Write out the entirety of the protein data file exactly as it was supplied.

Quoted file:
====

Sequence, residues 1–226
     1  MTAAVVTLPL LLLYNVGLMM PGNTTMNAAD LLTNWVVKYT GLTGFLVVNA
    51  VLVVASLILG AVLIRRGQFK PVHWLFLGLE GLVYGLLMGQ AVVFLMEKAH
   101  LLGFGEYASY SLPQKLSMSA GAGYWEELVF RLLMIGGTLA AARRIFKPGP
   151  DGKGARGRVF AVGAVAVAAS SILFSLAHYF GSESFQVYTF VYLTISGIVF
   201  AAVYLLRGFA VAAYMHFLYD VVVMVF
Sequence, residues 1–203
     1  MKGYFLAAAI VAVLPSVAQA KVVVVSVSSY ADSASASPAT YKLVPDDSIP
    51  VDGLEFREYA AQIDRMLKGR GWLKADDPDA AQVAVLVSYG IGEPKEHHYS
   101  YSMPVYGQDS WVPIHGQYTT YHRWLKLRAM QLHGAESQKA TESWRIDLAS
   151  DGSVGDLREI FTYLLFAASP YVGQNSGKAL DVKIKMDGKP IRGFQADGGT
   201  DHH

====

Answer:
Sequence, residues 1–226
     1  MTAAVVTLPL LLLYNVGLMM PGNTTMNAAD LLTNWVVKYT GLTGFLVVNA
    51  VLVVASLILG AVLIRRGQFK PVHWLFLGLE GLVYGLLMGQ AVVFLMEKAH
   101  LLGFGEYASY SLPQKLSMSA GAGYWEELVF RLLMIGGTLA AARRIFKPGP
   151  DGKGARGRVF AVGAVAVAAS SILFSLAHYF GSESFQVYTF VYLTISGIVF
   201  AAVYLLRGFA VAAYMHFLYD VVVMVF
Sequence, residues 1–203
     1  MKGYFLAAAI VAVLPSVAQA KVVVVSVSSY ADSASASPAT YKLVPDDSIP
    51  VDGLEFREYA AQIDRMLKGR GWLKADDPDA AQVAVLVSYG IGEPKEHHYS
   101  YSMPVYGQDS WVPIHGQYTT YHRWLKLRAM QLHGAESQKA TESWRIDLAS
   151  DGSVGDLREI FTYLLFAASP YVGQNSGKAL DVKIKMDGKP IRGFQADGGT
   201  DHH